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Arkansas Qualitative Report

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Arkansas Report Table of Contents

Executive Summary   |   Introduction

Executive Summary

The following report presents twenty-seven case stories about the experience of adults with disabilities who receive the cash option in the IndependentChoices Program in Arkansas. The report focuses on how “care units,” composed of consumers and/or representatives, paid workers, and counselors interacted around issues of consumer directed care. The study addresses several broad research questions: (1)has IndependentChoices made a difference in the lives of consumers, representatives, and workers, and if so, how; (2) how does participation in IndependentChoices compare with previous arrangements; (3) how are services provided; and (4) how does the program work? Two University of Maryland Baltimore County (UMBC) researchers conducted a total of fifty-nine interviews on three separate trips to Arkansas from the period of March through June 2000. After consultation with the Cash & Counseling Demonstration and Evaluation (CCDE) management team, twenty-seven care units were selected. All the consumers interviewed had been enrolled in Arkansas IndependentChoices for at least eight months at the time of the interview and received at least two hundred dollars per month in the cash option. Care unit members were interviewed in face-to-face, hour long interviews which were tape-recorded for later transcription. Interviews were analyzed with the help of a qualitative data management and analysis software package, NUD*IST4. The stories in the report were written based on the transcripts and incorporate the perspectives of all three members of the care unit; consumer, caregiver, and counselor. The UMBC researchers worked together, writing and discussing the stories. All stories were written with an eye to allowing participants to speak for themselves. The stories were analyzed for cross-cutting topics and themes that emerged in the interviews. Themes include the family context of care, the meaning of independence, and the community context of care. In addition, participants spoke of topics such as the skills and qualities needed for a caregiver and the value of IndependentChoices to them. Important topics also included the value of IndependentChoices personal care services, alternative uses of the cash benefit, previous experiences with agency workers, and problems with IndependentChoices.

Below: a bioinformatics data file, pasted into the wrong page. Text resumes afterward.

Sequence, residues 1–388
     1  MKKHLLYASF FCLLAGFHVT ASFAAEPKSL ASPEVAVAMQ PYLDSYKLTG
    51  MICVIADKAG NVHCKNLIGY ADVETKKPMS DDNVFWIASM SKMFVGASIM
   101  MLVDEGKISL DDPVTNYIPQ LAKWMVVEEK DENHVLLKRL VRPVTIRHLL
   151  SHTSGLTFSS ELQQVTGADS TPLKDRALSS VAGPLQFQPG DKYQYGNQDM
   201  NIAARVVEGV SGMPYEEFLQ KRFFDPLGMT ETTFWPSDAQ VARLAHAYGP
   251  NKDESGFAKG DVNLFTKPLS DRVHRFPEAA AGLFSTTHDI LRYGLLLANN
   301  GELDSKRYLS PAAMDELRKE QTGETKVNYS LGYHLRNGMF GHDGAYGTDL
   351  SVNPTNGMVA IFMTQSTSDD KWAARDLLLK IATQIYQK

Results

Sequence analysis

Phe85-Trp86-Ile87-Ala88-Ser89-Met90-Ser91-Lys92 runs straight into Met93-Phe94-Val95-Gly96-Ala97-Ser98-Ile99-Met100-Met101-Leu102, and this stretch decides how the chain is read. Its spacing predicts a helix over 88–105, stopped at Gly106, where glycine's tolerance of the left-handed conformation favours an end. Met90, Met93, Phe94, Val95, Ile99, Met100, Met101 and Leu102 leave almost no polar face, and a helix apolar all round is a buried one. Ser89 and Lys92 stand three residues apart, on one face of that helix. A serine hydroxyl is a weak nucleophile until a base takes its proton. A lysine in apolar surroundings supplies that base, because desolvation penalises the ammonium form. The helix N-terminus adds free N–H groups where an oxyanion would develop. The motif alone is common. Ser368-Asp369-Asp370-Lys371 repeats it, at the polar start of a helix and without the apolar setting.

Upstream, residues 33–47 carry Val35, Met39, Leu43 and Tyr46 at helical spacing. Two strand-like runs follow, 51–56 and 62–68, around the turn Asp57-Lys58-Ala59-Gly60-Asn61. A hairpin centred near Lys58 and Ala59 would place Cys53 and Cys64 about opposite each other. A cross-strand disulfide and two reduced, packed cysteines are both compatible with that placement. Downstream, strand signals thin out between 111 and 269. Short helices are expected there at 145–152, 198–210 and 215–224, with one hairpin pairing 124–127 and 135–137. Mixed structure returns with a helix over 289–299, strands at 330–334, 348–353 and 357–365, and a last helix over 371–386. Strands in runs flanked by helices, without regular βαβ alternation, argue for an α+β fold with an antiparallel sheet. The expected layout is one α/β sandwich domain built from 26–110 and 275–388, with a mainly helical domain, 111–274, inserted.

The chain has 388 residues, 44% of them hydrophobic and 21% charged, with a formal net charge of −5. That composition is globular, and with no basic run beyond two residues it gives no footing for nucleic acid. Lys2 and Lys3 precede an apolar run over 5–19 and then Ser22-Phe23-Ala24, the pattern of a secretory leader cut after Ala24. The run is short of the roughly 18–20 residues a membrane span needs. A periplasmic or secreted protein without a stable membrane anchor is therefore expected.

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The following report presents twenty-seven stories about what it is like as an adult with a disability to participate in a program called Arkansas IndependentChoices. Researchers from the University of Maryland Baltimore County (UMBC) traveled to Arkansas to interview participants about the program and how it worked for them. In their own words we learn what it is like to arrange and pay for your own care with or without a representative’s help, how participants direct and pay their caregivers, and how participants negotiate the program itself. The twenty-seven stories presented here also yield common themes and concerns which help us understand how Arkansas IndependentChoices works and the meaning it has for participants.

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Cash and Counseling Banner of Participants' Smiling Faces